1933 was the 'swan song' for mighty Stutz. As so often seems to be the case, their best work came at the end. Stutz was a company with a strong engineering background - beginning with a spectacular initial success at Indianapolis in 1911 that earned the company a reputation as 'the car that made good in a day.' Along with Duesenberg, Stutz maintained a racing presence, and the specifications of the DV-32 testify to that commitment: double overhead cams, four valves per cylinder and hemispherical combustion chambers. Few modern cars are as advanced. This car features a 156 horsepower, 322 cubic-inch, inline eight-cylinder engine with 32-valves. Bijur chassis lubrication system, a three-speed synchromesh transmission, vacuum-assisted power brakes and thermostatically-controlled hood louvers.
The Stutz marque built a solid reputation for their strong engineering background, beginning with spectacular success at Indianapolis in 1911 that earned the slogan 'the car that made good in a day.' They continued their racing presented and many of their road going vehicles benefited from their experience. The DV32 had double overhead cams, four valves per cylinder and hemispherical combustion chambers. There were also vacuum assisted power brakes.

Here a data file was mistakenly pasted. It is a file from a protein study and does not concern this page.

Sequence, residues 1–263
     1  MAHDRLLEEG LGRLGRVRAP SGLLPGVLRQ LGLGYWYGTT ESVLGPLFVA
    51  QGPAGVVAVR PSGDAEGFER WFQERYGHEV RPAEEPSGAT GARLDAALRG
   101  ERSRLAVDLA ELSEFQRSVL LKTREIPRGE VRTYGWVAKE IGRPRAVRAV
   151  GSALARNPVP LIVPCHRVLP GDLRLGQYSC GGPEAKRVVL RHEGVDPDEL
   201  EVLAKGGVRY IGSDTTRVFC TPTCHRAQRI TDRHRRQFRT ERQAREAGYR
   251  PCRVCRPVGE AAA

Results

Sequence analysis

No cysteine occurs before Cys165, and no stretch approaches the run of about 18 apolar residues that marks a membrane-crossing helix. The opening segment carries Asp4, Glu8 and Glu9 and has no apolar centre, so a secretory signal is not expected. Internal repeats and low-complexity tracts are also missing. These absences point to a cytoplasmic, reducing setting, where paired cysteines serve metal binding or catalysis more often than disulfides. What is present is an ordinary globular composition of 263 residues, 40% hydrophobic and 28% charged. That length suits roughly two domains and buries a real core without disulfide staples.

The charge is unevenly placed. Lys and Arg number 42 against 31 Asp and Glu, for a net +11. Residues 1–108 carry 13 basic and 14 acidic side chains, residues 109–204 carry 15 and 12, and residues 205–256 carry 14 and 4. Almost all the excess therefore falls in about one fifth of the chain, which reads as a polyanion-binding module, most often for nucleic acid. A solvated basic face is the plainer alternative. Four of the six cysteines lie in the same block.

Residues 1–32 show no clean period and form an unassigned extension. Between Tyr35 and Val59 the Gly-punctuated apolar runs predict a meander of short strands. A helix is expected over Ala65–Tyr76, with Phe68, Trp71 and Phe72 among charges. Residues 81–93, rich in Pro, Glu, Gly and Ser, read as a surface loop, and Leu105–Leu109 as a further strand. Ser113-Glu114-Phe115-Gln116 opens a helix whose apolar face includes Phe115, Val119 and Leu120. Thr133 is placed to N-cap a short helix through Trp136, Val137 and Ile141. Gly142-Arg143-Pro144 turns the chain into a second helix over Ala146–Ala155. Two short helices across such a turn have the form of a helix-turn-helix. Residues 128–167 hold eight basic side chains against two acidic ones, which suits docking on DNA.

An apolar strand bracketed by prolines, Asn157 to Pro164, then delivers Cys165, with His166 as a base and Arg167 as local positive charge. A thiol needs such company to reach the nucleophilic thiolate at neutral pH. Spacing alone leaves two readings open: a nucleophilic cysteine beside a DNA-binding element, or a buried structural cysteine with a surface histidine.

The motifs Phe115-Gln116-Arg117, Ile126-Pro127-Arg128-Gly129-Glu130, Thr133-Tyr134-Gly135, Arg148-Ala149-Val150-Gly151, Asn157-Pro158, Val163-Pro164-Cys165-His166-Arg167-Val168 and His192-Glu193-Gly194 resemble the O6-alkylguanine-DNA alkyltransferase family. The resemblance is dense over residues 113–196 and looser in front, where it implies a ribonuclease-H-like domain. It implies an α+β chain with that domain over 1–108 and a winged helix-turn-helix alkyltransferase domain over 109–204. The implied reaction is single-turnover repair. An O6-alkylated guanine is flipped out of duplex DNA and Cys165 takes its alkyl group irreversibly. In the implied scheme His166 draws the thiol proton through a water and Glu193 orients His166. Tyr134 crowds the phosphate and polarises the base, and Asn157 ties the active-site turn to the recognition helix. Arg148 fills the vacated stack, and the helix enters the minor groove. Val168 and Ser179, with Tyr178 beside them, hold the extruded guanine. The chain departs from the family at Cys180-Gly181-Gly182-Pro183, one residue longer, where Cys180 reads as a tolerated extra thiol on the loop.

During the company's 25-year history, they produce a total of 35,000 cars. Their last car was manufactured in 1934.
Rollston of New York, which averaged just 22 bodies per year in the Depression era, created this example with steeply raked windshield and carefully proportioned body lines.
The early history of this Convertible Victoria by Rollston is not known, though it is believed to have begun its life in New York City. There it was sent to the Rollston Company where it received its five-passenger designed body. This formal design has a high beltline, long doors, an aggressively slanted windshield, and rather squared-off proportions. It wears its original colors of Sierra Sandstone and Antique Veridian Green over beige leather upholstery.
The history of the car dates back to 1952, when it was acquired by Carl Pennrich, of Greenwood Lake, New York. In 1960 it was sold to William Harrah where it would remain over a quarter century. At that point in its history it was painted maroon.
When the Harrah Collection was dispersed, the Stutz was purchased by Richard Scott, who got it running and driving again. After several years in the Scott collection, ownership passed through the hands of Joseph Cassini and David Kane, before coming into the ownership of the current owner. The car was treated to a restoration, after which it achieved Second in Class at the Pebble Beach Concours d'Elegance in 2006, Best in Show at the Glenmoor Gathering and Best in Class at Amelia Island in 2007, and Best in Class at the Meadow Brook Concours in 2009.Also photographed at :